• The C programming language [Brian W. Kernighan, Dennis M. Ritchie] - The good old, classical C bibble. I thought I knew C, until I started reading this and solving the exercises. If you consider that you know C but never read K&R, you really don't know C, you just have a vague idea about it. The trick is not just to read the book. You have to solve the exercises. And I mean really solve and test all of them. You will learn twice as much if you do this than if you only read the book. Solving the exercises will force you to think about small implementation details that you would have never thought of, and it improves your skill. It will make you another person. And don't just solve the exercises "on air", I mean, don't just think about how you would implement it in a high-level way. No. You have to Write Teh CodeZ and test it. That's the only way you will learn something useful. Implementing it in your head will always work!

  • The Google Résumé [Gayle Laakman McDowell] - This book is all about dream jobs and how to get one. The complete title is The Google Résumé - How to Prepare for a Career and Land a Job at Apple, Microsoft, Google, or Any Top Tech Company. It teaches how to make a résumé, a cover letter, how to prepare for technical interviews, well, it talks about every aspect of jog seeking and application. Think of it as a kind of guide to help you find a job that will make you happy, because life is too short not to love every day of your job! The book author has interviewed over 120 candidates and has worked for Microsoft, Google and Apple. She knows what they're looking for, and we, the candidates, can take advantage of that by reading this book. Of course that there is no "cheat" key to success, and that's not what the book is about. It's about knowing how to behave and how to make the right moves.

  • Mastering Regular Expressions (3rd edition) [Jeffrey Friedl] - Regular expressions are one of those things that everyone claims to know a little bit, but no one really knows it good enough. This book is THE place to learn regular expressions. And not only you learn regular expressions, you are also introduced to the world of Perl, a scripting language with unique, magical and powerful builtin regex support that other languages started to copy. The book covers regular expressions features and implementations down to a very deep level. You will see what features are available in which tools. You will learn how to "think" regexes. Even if you are halfway familiar with the regex world, you should start from scratch and read eveerything starting on chapter 1, because there are some ways of thinking about regex components that are tremendously revolutionary and will brainwash you to look at regexes with different eyes. With this book, you learn how to build custom regexes for your own needs, and how to make them more efficient by exploiting some of the implementation details that are often underlooked. The final chapters are devoted to specific languages: Perl, Java, PHP and VB.Net. It's a very useful book, and what you learn from it can have huge impacts in your productivity. Mastering regular expressions will get you rid of tedious, mechanical tasks that you never thought you could automate so easily with the power of regular expressions.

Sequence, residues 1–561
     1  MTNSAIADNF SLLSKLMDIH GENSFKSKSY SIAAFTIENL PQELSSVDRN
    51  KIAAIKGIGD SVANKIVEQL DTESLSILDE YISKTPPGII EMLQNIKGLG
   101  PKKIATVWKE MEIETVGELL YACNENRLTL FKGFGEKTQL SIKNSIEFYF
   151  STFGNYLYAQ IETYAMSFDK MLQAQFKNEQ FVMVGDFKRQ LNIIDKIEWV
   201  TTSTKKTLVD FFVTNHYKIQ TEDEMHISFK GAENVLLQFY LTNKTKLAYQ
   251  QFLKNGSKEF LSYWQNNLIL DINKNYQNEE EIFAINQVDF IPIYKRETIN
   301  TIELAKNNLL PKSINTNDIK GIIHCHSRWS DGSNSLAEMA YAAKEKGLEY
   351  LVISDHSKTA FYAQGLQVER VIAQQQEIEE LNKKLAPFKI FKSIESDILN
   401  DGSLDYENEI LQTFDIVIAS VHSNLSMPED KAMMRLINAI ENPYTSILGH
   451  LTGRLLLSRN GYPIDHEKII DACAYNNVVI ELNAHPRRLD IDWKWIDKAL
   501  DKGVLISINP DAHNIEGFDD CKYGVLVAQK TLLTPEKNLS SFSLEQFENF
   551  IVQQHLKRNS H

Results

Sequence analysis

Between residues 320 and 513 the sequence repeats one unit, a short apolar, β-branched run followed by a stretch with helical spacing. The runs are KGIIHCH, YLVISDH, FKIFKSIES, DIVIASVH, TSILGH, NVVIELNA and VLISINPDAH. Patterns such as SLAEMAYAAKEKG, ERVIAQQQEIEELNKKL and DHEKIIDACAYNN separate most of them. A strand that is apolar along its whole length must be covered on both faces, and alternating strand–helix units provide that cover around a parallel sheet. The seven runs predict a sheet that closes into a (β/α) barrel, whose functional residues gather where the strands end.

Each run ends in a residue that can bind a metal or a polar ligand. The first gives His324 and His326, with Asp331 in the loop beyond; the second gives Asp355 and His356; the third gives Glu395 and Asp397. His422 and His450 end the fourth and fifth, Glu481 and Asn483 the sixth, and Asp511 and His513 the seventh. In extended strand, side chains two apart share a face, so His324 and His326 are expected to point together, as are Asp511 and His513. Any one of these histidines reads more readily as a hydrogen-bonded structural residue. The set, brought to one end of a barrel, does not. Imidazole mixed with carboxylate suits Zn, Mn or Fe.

• Joel on Software, and on diverse and occasionally related matters that will prove of interest to software developers, designers and managers, and to those who, whether by good fortune or ill luck, work with them in some capacity [Joel Spolsky] - This book is basically an organized compilation of Joel Spolsky's articles. This book is full of funny stories in the world of software development with very good content and lessons taken from it. It is not a code-oriented book, it's more like a general book on software projects and teams, though you have some chapters with low level stuff. For example, you are introduced to the concept of a Shlemiel the Painter's algorithm in one of my favorite Joel's articles. I even made a post about it. Reading Joel's book is both fun and instructive.